Spacially, the room is finite. But what enters, through the body of the speaking voice, orients thought away from its confines toward an exacerbated awareness of endlessly forming breaches.
One of the confines of thought is temporal relation to other thought, disrupted here by non-sequitur and repetition. NS’s employment of the word breach implies the intent to transgress—here, both time and space. Technically prose but not narrative, assuming many of the liberties we associate with poetry, this book slips between and out of generic expectations, another breach.
The world of We Press Ourselves Plainly is one in which the seeming whole of humanity’s history of violence has come to bear in one traumatized voice; “we stand on one side of violence and it is the same violence,” NS writes, succinctly. Also: “We stand on one side of history and it is the same history.” The collective pronoun “we” feels expansive and inclusive—who is on the other side of violence and history? Someone with a different relationship to both, I’d imagine, but the author seems to implicate a whole swath of humanity in the “movement” of violence, which is the “movement” of history. Just as the “I” of this text is anachronistic and geographically un-pin-down-able, so is the “we,” so that the reader feels included in this history and its attendant traumas.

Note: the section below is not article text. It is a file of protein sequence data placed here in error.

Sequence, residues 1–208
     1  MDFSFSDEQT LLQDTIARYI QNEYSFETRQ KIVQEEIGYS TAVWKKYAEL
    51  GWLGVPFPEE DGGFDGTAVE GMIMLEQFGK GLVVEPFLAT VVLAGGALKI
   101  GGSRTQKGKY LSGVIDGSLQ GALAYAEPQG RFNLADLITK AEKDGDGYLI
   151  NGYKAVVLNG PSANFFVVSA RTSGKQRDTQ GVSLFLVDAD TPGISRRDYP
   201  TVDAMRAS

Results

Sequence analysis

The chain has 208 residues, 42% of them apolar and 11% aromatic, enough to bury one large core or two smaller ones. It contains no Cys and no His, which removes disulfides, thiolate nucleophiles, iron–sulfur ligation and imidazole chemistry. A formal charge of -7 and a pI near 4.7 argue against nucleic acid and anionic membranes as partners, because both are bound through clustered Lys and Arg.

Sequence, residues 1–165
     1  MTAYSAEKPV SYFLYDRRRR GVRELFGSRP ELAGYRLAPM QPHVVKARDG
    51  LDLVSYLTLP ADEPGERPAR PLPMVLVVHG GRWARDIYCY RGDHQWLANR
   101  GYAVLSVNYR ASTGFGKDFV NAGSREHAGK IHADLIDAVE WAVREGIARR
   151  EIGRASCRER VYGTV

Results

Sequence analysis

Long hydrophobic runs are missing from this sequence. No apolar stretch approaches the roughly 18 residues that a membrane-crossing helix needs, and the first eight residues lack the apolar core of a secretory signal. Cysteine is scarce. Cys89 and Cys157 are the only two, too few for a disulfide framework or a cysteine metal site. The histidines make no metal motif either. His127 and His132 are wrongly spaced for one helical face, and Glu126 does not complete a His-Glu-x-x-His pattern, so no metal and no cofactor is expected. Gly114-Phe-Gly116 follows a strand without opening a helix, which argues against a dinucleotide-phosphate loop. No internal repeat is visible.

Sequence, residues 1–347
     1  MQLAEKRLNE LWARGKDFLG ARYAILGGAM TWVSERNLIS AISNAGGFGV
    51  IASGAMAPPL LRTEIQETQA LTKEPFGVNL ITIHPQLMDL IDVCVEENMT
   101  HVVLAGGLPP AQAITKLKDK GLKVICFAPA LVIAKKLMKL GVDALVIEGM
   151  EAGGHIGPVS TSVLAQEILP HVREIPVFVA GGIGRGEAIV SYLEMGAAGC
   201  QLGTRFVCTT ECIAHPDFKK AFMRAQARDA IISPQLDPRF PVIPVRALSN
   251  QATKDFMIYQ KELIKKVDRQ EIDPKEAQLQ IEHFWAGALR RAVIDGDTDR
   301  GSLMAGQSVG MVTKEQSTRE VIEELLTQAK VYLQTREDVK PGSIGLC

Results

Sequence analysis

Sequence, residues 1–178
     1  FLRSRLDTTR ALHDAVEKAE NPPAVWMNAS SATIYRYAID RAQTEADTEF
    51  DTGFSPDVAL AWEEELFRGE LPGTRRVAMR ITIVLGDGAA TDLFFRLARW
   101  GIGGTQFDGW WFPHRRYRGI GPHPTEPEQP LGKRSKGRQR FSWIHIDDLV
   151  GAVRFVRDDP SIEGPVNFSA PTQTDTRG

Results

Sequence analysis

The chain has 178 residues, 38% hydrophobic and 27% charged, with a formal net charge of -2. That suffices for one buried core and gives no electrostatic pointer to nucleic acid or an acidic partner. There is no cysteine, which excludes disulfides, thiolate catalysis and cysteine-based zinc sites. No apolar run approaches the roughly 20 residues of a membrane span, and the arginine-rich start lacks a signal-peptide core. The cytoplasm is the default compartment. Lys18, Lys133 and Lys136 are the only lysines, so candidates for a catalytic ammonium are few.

The feeling of apocalypse that pervades the book is not a promise of some future demise but the fact of our own insistent violence in this time and this place. It’s not coming, it’s been here all along. The evidence is all around us.